Engage your supply partners. If the goal is to become digital, you need to solve analog problems with a digital mindset. That starts with focusing on the end user, business stakeholders, and supply partners, and working to solve the problem from their perspectives.

Dialogue is key to increasing supply chain visibility, and the good news is that doesn’t require (much) investment. Establish monthly meetings with a clear agenda around goals and setting the strategy for sharing data. Start by understanding what is important to each party and plans for focus over the coming year. This discussion should work toward establishing data standards and governance — including the types of data that will and will not be shared and how that will happen.

Once a good dialogue has been established, this can proceed to an assessment of what is required to achieve the desired level of integration. A simple SWOT analysis may suffice, or in more complex relationships, it may be necessary to dedicate resources to dig into the issues and opportunities. This will involve detailed discussion around master data, APIs, EDI, integrations across multiple applications, and middleware layers and how exceptions are managed. These are essential points to making supply chain visibility happen.

“There is no going back to normal. There is only now, and managing in the now requires agility.”

 

 

Digital leaders also move fast — they fail fast, learn, adapt, and iterate. This is an area where it can be very helpful to start with a pilot program that allows you to test approaches, assess the results, see what works, and then expand effective practices.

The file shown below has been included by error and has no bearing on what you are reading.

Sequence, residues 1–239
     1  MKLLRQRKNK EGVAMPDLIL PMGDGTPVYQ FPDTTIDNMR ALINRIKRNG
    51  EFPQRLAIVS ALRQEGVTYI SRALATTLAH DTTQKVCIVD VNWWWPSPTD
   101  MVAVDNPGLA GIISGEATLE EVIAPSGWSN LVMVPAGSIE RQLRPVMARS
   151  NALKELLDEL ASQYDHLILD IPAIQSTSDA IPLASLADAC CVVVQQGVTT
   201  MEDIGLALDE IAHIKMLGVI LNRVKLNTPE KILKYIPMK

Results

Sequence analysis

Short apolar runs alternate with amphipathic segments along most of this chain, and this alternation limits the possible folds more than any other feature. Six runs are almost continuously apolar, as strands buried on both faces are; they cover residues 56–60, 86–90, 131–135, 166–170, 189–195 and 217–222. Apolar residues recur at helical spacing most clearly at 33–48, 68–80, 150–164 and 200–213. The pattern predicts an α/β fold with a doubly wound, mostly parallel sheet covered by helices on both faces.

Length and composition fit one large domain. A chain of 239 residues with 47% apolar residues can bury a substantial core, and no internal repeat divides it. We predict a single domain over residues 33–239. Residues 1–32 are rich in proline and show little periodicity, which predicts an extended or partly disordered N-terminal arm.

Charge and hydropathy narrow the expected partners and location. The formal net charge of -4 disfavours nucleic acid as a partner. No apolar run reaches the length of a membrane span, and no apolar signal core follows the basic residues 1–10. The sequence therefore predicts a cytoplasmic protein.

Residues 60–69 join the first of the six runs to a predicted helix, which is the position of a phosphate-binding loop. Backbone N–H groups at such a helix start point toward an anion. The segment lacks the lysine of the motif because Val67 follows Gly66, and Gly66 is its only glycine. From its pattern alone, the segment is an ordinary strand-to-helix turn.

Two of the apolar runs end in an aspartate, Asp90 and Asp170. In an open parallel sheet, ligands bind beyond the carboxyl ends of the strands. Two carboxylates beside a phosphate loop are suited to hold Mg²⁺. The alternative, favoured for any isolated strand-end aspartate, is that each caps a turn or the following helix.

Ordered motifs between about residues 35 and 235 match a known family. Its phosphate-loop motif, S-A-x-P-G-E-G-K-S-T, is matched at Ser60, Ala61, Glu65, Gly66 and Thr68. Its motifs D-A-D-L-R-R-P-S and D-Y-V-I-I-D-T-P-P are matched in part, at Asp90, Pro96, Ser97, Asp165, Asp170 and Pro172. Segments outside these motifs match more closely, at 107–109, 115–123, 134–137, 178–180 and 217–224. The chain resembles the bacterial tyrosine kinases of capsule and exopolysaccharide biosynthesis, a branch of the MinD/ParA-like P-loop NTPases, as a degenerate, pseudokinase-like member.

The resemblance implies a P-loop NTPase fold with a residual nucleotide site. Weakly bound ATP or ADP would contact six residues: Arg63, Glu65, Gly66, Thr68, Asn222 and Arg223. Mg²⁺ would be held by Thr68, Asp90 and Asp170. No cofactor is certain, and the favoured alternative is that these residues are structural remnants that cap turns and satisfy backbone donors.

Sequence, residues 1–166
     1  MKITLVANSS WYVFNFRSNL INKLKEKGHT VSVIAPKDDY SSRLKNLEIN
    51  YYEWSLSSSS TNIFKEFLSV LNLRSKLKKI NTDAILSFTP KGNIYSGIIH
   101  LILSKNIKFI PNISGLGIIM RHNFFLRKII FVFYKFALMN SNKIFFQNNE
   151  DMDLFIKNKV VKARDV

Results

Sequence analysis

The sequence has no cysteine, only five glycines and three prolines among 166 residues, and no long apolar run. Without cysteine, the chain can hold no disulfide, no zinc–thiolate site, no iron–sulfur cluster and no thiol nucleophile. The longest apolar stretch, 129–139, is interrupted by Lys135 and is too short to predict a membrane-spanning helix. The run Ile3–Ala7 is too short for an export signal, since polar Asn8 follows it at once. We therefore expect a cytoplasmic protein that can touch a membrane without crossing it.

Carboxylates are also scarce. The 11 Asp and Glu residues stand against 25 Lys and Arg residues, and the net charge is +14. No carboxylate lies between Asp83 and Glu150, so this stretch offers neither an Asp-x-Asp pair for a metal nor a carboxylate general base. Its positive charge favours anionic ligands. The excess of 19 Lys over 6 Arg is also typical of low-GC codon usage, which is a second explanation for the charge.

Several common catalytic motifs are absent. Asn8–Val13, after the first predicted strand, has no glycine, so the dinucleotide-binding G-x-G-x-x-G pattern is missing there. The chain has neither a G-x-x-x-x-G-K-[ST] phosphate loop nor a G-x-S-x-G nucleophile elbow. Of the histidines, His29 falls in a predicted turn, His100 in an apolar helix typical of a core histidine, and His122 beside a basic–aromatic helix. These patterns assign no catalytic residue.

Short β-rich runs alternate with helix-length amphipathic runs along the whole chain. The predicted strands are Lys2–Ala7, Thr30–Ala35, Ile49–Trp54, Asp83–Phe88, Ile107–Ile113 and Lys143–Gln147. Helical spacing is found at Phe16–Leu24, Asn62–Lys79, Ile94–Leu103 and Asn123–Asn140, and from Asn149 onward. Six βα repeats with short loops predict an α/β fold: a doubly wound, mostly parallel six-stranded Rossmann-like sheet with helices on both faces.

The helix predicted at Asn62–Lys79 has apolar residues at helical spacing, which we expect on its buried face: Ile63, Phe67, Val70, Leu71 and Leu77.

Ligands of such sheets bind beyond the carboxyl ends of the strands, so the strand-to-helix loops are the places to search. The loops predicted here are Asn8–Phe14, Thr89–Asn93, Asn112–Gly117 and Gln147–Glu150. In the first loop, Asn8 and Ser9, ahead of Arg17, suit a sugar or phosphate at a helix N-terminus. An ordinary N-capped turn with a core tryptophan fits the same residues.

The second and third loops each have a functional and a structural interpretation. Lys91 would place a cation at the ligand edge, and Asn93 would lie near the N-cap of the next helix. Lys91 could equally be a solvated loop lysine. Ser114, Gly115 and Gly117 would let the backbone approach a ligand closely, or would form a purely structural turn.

Once the program is moving on multiple dimensions, it may be helpful to have a program management office that can manage the process of building integration capabilities relevant to various supply partners. As you implement changes, measure the ongoing output and use that insight to make additional improvements.

Determine the right supporting technology. Automation will be key to increasing supply chain visibility — and this will require investment. The good news is that today’s companies have access to increasingly effective technologies, and broader choices. Step one in this process is to understand those capabilities and how leading organizations are using them to increase visibility into their supply network.

Be prepared to facilitate the discussion around evaluating and selecting the right tools and applications to enable integration, particularly when working with smaller and less technology-enabled supply chain partners. Surviving the next significant supply chain disruption will require a level of flexibility that organizations cannot achieve with complex spreadsheet formulas. So, consider where you can use automation to share the necessary data and remove reliance on spreadsheets, particularly upstream where master data and feeder data originate. One common solution is to extend ERP access to partners so they can fill in data. Robotic process automation can also serve as a stop-gap measure or enhancement to existing manual processes for updating milestones.

“This is a journey, and the sooner you start, the sooner you will see results.”

 

 

Additionally, consider whether or how cost-sharing may be possible. For example, can one business provide market insight for all parties involved? This can help address some of the financial constraints of smaller suppliers.